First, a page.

In the more than four years that the ruling Cambodian People’s Party has controlled a one-party National Assembly, lawmakers summoned a government official for questioning just once, according to a report by the independent election monitor Comfrel.
The report issued Thursday reviewed all eight plenary sessions held between September 2018 to August 2022. During that time, the National Assembly approved 125 agendas, but almost never summoned government officials. The sole exception was when lawmakers called in the Minister of Justice.
Article 96 of the Constitution outlines how lawmakers can question government officials, which Comfrel noted is a key means by which lawmakers can understand a range of issues and determine the need for new laws.
“Some draft laws were quickly approved without any public discussion,” the report added. “The issues raised by opposition political parties, NGOs, and unions were not taken into account. The [National Assembly] does not care about the people’s suggestion as stated in Article 35.”
Comfrel hosted a workshop in Phnom Penh Thursday attended by members of civil society, unions, and opposition parties, though no government representatives or members of the CPP attended.
Speaking at the workshop, Korn Savang, Comfrel monitoring and advocacy program coordinator, said Comfrel would submit a report to the National Assembly when the full report is finalized in January.
“We have identified a number of issues, such as land disputes, social injustices and workers’ issues that were not addressed, which is one of the reasons we see a lack of multi-party mechanisms,” he said.
President of local rights group Adhoc, Ny Sokha, said that proper elections are critical to ensuring a multi-party democracy. “The important thing is to promote a free, fair and transparent election process,” he said.
CPP lawmaker Chheang Vun said he was meeting with his constituents in Battambang regarding a land dispute, but denied the findings of the report, saying that the National Assembly had been performing better than ever.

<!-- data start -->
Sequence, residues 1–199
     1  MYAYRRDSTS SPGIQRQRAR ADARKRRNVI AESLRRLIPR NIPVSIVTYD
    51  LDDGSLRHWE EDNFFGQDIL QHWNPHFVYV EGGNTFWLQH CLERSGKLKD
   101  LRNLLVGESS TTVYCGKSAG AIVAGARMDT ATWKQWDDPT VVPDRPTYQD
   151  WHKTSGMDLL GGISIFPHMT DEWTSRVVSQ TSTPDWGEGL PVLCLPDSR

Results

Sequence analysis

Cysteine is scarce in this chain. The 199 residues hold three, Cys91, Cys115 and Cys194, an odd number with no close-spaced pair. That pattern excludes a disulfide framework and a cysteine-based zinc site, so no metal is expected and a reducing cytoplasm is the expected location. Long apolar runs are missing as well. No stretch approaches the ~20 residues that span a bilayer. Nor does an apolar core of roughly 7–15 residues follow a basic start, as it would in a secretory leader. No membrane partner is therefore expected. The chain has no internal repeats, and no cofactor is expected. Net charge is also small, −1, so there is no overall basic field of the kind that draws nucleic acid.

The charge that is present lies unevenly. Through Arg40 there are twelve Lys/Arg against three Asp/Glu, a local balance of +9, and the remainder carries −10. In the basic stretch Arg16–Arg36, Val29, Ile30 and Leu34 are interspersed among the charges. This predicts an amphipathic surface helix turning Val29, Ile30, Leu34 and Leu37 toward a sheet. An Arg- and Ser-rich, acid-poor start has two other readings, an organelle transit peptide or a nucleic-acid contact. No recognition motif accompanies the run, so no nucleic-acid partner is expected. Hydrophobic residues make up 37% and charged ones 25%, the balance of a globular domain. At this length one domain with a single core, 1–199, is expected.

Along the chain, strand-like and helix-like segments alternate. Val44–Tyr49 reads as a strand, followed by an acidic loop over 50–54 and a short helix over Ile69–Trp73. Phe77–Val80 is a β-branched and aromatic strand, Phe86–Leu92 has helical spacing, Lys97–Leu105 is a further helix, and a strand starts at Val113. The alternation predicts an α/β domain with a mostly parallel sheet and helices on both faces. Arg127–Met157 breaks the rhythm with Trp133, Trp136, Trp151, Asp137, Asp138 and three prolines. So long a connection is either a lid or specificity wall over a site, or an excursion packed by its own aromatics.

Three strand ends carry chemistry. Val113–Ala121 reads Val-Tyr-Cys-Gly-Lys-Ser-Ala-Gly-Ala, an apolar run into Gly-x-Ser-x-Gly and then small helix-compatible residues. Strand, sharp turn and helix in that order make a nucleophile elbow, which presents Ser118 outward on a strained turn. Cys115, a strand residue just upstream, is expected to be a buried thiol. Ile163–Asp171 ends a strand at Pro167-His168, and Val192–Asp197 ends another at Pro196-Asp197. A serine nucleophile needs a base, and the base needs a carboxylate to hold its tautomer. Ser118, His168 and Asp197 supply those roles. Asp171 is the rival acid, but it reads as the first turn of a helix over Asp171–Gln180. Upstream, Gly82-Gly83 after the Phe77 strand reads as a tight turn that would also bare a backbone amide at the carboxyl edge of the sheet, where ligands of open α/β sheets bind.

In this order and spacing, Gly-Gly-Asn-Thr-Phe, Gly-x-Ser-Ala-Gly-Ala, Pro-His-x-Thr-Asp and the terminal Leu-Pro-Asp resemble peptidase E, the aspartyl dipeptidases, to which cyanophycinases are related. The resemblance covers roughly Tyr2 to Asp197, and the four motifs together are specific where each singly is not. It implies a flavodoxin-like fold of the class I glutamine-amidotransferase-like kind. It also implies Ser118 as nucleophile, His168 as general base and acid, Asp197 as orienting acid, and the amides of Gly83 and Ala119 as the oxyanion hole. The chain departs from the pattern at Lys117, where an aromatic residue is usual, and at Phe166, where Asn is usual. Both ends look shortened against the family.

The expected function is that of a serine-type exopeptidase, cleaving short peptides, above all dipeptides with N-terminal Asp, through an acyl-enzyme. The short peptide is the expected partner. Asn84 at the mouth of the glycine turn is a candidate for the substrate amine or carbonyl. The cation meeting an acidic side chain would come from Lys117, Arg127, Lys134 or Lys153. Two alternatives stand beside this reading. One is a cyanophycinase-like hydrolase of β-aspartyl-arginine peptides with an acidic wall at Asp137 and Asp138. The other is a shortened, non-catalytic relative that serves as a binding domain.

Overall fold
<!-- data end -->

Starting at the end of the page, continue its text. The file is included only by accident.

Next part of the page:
“The Comfrel report was made under a crazy assessment,” he said. “I would like to say that no member of parliament in other mandates has done a better job than this mandate.”
Vun added that the National Assembly had summoned several government officials for questioning during smaller commission sessions, which are held in private.
“It was not necessary to debate in the plenary session because it had already been discussed and resolved in the commission,” he said. “We did not need to discuss in the plenary session, the big issues were discussed in the commission and all the news was posted on Facebook.”
After the Supreme Court dissolved the popular opposition Cambodia National Rescue Party in November 2017, the party’s 55 seats were divided among minor parties. Without a credible opposition, the CPP went on to win all 125 parliamentary seats in the 2018 national election.
Following the party’s dissolution, 118 opposition officials were banned from politics for five years.
Pa Chanroeun, president of the Cambodian Institute for Democracy, said that in the one-party parliament, many issues including land disputes, crop prices, and workers’ issues had not been raised by lawmakers.
“The lack of a multi-party parliamentary mechanism and competition is the reason that led to the slowdown in Cambodia’s democratic process,” he said. “This report reflects that a multi-party parliament is better for the people than the current one-party parliament.”
Chanroeun noted that lawmakers could not fulfill their role independently due to political pressure.
“In Cambodia, the political pressure is greater than anything,” he said.